This is a book review for Booksneeze.com. I was not paid for this review.
David Morrow revised his 2005 version of this book and added lots of resources via his website (http://www.churchformen.com) for self or group study. I will tell you by being an active Christian man reading this book was a challenge. By being a leader in my local church’s ministry this book was even more of a convicting challenge to read. I love my books (just ask my wife), and find myself writing notes in them for future reference. While reading this one, I kept finding myself writing “Wow!”in the margins and having to attach my dropped-jaw back to my mouth.
Murrow begins the book with a staggering litany of statistics that are are to make any reader that has a heart for souls cringe. Here he tells us about how real the problem is within Christianity and interaction with men. The middle of the book Murrow shares the heart of men and why they have this affinity towards church. A couple of my favorite are the chapters titled “Twelve Things Men Fear About Church” and “The Stars vs. the Scrubs”. Murrow ends the third part of the book with practical approaches to how churches can connect with men. The chapter titled “How Men Minister to Others” was particularly beneficial to me as a men’s ministry leader.
I’m not going to spoil anything from any of the different three parts of the book, but I would like to encourage you to read the book if you’re a pastor, men’s ministry leader, family member of a man disengaged from the body of Christ, or that man that is feeling a little out of place.
This is a book review for a book I received from Booksneeze.com.
This book is great for the middle school child or newly converted. I like how Lawrence O. Richards takes a subject that most Christians shy away from, religion and science, and presents the material in a way that produces a confidence in the young believer to reassure a Christian worldview.
Scattered throughout the book the reader finds explanations of how biblical truths help explain scientific facts. For example, the reader learns about the vastness of outer space and then is presented with Psalm 19, which tells of the heavens declaring the glory of God. In another area of the book, Richards gives a timeline with the assumed scientific sequence of events biologically and geologically speaking. Right beside this timeline he gives quotes from scientists that shed a light on the doubts of evolutionary history in their own words. Another neat area of the book can be found at the end of every chapter called “Just For Fun.” This is an area for the inner nerd or trivia buff within us all. It also provides a learning opportunity focused on the theme of the chapter.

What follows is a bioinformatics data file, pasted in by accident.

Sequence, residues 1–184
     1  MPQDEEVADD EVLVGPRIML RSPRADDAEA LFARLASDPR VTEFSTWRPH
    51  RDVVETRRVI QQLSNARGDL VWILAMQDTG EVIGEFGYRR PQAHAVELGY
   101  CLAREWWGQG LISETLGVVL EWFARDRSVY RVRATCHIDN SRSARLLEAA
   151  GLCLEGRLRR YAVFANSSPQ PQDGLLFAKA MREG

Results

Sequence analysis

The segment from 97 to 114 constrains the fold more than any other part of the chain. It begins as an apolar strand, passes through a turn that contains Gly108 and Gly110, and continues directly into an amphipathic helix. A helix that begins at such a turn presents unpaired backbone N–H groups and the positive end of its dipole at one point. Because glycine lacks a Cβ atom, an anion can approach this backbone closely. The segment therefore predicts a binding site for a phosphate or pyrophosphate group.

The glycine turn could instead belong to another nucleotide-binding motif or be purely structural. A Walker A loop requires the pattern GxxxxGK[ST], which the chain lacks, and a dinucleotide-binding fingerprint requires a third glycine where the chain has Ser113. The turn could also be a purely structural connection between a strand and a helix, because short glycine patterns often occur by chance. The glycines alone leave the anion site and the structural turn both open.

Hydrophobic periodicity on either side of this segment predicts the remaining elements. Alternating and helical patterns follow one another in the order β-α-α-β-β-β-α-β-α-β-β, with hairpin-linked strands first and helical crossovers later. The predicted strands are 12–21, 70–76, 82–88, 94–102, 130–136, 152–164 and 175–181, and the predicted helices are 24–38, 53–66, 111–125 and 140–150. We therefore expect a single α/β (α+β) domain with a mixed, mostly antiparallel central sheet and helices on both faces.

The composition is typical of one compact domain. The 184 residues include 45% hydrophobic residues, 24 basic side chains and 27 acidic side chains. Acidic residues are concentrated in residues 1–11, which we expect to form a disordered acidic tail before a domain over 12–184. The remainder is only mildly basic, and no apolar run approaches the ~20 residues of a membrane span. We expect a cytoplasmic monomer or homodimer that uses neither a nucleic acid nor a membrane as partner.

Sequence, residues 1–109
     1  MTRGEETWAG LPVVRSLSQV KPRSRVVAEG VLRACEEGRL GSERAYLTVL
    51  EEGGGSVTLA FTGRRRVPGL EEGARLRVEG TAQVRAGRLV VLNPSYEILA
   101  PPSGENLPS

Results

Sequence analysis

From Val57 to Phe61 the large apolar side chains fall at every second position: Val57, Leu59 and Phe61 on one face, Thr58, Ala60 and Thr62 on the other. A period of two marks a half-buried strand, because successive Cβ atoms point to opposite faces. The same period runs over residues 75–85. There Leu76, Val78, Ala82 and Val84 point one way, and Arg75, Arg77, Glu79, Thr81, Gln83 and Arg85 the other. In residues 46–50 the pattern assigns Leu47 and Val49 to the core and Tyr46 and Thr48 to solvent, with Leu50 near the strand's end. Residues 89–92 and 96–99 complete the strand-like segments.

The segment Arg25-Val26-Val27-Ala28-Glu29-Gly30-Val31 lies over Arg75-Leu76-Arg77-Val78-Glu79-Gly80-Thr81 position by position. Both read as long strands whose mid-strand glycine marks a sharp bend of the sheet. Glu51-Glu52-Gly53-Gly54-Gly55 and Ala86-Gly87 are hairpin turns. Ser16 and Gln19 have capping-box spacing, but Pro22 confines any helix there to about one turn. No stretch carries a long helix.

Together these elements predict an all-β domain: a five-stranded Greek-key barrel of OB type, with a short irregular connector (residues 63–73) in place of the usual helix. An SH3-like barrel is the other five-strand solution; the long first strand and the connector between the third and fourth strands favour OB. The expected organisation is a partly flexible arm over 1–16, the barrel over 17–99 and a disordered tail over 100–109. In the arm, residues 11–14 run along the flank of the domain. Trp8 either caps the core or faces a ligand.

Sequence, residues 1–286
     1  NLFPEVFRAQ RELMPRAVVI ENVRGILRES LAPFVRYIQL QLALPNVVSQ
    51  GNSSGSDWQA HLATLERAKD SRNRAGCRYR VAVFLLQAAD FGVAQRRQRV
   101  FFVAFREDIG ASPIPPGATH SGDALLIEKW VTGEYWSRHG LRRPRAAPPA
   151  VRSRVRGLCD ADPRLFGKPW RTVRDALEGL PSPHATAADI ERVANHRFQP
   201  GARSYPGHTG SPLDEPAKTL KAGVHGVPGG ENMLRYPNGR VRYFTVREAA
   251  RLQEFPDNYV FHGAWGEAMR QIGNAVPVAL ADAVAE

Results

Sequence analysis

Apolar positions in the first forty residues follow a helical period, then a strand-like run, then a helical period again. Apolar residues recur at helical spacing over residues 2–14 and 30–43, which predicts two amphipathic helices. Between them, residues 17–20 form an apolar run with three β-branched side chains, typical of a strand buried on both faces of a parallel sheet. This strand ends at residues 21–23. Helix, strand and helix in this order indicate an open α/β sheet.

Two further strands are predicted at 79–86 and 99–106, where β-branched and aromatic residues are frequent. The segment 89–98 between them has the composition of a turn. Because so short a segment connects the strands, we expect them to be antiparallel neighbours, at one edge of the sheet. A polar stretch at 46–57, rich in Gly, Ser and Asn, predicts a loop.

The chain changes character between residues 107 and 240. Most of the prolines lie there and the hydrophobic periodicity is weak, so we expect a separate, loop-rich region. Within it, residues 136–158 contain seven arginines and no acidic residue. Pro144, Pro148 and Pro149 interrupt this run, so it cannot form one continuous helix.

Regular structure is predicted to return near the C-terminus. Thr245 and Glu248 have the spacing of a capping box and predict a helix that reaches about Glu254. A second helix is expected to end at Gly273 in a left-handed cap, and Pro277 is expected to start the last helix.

I thought this was a good book. I have middle school aged family and two children of my own that I feel like this book would be a great learning tool. Additionally, I think this book would help reinforce the much-needed Christian worldview.
This review is for Thomas Nelson and Booksneeze.com. I was very excited to see this book and begin reading it. I am a father of two little girls, Abigail (3) and Amelia (1), and want to be the best dad I can be to them. I am always looking for ways to better as a person, husband, and father, so I was thrilled when the book arrived in my mailbox.
Greg Wright does a good job telling fathers of how they can better their relationship with their children. He tells how fathers should be the pursuer in establishing a relationship with their children just as they do with their wife. Wright mentions that pursuit takes effort and should evolve as your child grows from a child to an adult. He says a father’s job is to help keep his daughter grounded. Daddy Dates is a book that gives a father’s view of how to break away from passive parenting. Instead it shows Wright’s way of creating leverage in his relationship with his daughters by being real and getting to know them.
Wright gives a wonderful talk on rules and relationship as parenting models. He mentions that parenting with rules but no relationship leads to rebellion, and a model with relationship but no rules leads to destruction. However, Wright suggests that a parenting model with rules and relationship leads to connection. He gives a great illustration using a wet bar of soap. I won’t ruin it for you here, so get the book and glean.
One thing I would be interested in learning is the result of how this applies with his daughters after they have grown, married, and moved on. Overall this is a great book with wonderful illustrations and practical idea. Good job!